Editor’s note: Part two of this article will run tomorrow.
Few would argue that workforce planning is not a hot topic these days. Just five short years ago, it was nearly impossible to find a titled role for workforce planning in corporate America. Yet today, more than 54% of the Fortune 100 have dedicated FTEs to the activity.
Even more impressive is the fact that the growth in the application of workforce planning is not just a U.S. phenomenon. Around the world, it is becoming a highly visible strategic activity.
The rise in popularity for workforce planning is no surprise given the highly visible issue surrounding the impending retirement of the baby boom generation, the globalization of work, increasing turnover rates, changing workforce ideals, and increased competition for recruiting top talent capable of delivering innovation. While the mandate for workforce planning is strong and supported by senior leadership, execution has, in most cases, been weak.
Like many analysis and planning activities in HR, most of the work being executed isn’t translating into actions that demonstrate a significant business impact. Based on previous observations, I’ve noticed 13 key factors that differentiate great workforce planning efforts from mediocre workforce planning efforts. I’ll give you the first six today and the next seven tomorrow.
Communicate the probability of specific business objectives not being met as a result of workforce issues.
Both senior executives and operating managers are results-oriented people. Each year they are given specific business objectives and targets. Managers think about these business objectives constantly, because their bonus and career growth depend upon them meeting their objectives.
Failing to tie workforce-planning efforts to specific objectives and initiatives limits the visibility managers will give them on a day-to-day basis, which is required to drive action. Successful workforce planners abandon the HR speak and the use of generalities, and draw a line in the sand indicating what specific objectives will likely be impacted and the workforce drivers behind the issue that must be addressed within a specific time frame.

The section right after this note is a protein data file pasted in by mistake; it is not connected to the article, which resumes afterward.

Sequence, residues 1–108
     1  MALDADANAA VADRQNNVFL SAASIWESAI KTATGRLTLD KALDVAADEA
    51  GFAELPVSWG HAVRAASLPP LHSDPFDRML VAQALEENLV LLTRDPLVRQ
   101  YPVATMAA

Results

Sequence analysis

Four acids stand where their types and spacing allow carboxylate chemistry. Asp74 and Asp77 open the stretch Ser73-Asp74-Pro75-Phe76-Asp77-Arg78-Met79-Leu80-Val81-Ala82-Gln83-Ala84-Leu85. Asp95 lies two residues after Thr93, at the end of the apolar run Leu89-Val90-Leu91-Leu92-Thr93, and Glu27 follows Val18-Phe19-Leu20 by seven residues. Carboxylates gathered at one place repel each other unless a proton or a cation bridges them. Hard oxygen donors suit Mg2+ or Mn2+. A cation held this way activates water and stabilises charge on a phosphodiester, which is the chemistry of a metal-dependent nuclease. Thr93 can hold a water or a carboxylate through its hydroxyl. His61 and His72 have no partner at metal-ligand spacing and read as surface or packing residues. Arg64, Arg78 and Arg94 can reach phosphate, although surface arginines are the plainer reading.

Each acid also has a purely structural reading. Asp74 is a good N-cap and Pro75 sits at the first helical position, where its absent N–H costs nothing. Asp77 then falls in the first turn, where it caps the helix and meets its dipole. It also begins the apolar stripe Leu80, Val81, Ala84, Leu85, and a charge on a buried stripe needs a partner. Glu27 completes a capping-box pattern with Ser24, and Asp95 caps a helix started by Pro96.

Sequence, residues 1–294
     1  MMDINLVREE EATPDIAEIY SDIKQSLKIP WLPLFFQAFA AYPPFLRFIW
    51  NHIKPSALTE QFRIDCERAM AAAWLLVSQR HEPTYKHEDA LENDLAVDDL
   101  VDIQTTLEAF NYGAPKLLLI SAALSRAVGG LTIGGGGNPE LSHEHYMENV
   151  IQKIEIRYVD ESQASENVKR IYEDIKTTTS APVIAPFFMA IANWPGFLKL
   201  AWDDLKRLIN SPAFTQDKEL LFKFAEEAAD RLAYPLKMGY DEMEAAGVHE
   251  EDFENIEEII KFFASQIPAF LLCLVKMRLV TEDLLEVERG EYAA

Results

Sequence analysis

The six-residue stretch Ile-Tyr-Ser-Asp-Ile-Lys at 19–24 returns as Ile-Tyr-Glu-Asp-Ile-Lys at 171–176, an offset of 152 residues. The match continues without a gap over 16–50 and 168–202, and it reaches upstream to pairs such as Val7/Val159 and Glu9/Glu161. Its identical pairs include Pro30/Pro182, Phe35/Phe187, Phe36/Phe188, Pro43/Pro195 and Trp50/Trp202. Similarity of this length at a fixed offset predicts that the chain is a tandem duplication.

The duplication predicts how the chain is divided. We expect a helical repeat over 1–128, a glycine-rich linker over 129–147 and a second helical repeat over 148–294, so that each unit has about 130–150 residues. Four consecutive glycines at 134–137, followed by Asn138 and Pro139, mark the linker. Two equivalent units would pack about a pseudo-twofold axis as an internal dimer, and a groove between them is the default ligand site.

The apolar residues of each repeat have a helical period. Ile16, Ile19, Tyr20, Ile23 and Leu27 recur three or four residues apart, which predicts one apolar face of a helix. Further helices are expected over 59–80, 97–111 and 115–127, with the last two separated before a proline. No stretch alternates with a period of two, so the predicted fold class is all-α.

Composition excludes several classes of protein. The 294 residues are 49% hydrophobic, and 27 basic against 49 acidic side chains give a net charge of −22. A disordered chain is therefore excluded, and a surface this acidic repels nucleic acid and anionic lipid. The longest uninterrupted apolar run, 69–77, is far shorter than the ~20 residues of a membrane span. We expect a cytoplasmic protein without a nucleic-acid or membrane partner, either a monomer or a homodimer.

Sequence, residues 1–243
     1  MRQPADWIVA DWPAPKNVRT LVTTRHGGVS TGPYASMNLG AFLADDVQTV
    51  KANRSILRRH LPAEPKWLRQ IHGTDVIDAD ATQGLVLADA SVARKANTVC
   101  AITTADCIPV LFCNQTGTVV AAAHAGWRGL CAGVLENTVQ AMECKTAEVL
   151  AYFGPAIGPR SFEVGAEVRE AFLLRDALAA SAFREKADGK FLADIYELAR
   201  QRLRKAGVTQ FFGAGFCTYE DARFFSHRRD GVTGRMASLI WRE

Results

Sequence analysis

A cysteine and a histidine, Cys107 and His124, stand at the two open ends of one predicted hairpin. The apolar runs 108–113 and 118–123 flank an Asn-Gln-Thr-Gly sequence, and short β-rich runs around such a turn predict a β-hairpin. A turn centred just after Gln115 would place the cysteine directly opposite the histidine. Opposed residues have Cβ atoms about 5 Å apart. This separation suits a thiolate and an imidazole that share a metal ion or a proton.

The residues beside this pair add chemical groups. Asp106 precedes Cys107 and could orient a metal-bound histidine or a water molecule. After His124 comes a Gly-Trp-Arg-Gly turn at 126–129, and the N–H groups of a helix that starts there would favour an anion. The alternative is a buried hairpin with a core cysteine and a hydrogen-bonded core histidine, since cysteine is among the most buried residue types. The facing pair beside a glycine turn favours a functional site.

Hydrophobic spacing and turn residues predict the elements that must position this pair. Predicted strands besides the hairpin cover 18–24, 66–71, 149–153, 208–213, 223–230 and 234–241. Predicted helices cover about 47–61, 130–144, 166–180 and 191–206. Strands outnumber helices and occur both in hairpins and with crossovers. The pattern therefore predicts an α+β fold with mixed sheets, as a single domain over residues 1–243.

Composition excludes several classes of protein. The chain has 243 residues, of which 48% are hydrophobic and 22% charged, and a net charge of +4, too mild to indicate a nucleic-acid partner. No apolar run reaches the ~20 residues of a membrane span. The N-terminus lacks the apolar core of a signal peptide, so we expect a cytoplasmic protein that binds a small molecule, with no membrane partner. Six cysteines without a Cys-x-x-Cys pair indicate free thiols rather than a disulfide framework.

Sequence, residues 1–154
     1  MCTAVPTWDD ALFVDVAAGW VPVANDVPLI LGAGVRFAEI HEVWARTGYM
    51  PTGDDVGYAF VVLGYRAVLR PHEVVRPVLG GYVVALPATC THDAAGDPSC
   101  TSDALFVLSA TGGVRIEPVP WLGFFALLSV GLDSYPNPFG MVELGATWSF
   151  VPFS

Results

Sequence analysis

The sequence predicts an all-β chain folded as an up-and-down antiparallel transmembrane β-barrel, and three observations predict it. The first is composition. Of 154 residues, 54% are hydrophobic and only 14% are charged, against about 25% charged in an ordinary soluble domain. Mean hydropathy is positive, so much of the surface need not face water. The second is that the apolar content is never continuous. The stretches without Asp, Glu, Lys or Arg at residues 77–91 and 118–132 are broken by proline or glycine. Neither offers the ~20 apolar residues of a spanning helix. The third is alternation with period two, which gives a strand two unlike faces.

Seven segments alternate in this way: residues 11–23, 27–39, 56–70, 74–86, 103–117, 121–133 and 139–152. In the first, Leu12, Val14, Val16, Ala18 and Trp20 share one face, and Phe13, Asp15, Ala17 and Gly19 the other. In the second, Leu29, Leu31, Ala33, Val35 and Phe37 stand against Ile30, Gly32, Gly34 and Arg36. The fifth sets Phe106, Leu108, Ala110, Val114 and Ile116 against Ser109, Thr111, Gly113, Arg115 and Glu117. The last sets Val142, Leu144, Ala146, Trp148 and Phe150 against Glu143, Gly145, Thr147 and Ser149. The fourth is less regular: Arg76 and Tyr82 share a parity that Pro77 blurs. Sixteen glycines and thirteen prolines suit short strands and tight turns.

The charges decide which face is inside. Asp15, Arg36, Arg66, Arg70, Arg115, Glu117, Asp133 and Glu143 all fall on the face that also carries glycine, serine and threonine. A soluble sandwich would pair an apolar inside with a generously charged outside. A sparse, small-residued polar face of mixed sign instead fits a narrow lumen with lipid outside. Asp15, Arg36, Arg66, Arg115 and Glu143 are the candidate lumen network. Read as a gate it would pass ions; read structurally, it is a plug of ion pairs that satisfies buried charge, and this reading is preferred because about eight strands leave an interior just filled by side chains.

Instead, focus on product time to market, market share, customer service, product innovation, sales, revenue, and profit. If you don’t know your organization’s major business objectives by unit, work with leadership to identify them.
If you can’t do that, work with compensation to identify each of the senior managers’ bonus criteria, because they almost always directly reflect most of the firm’s major business goals and objectives.
Quantify the dollar consequences of workforce issues that affect organizational productivity or innovation capability.
Most who develop workforce plans report upcoming problems using HR terminology to describe “HR problems,” including headcount needed, skill shortages, or leadership shortages. Unfortunately, these HR problems, although perceived as being important, rarely drive senior management or line managers to take action.
The primary reason why these HR problems don’t generate concern or action is that the impact of them is rarely enumerated in terms that senior leaders and managers understand: money! Everyone in senior management would agree that the “language of business” is money, so grab managers’ attention by translating whatever dire consequences or opportunities you forecast into dollar impacts.
For example, convert predicted gaps between workforce supply and demand into business-objective oriented impacts, such as a delay in time to market of 35 days. Be sure to translate this into a negative dollar impact if no action, or the wrong action, is taken.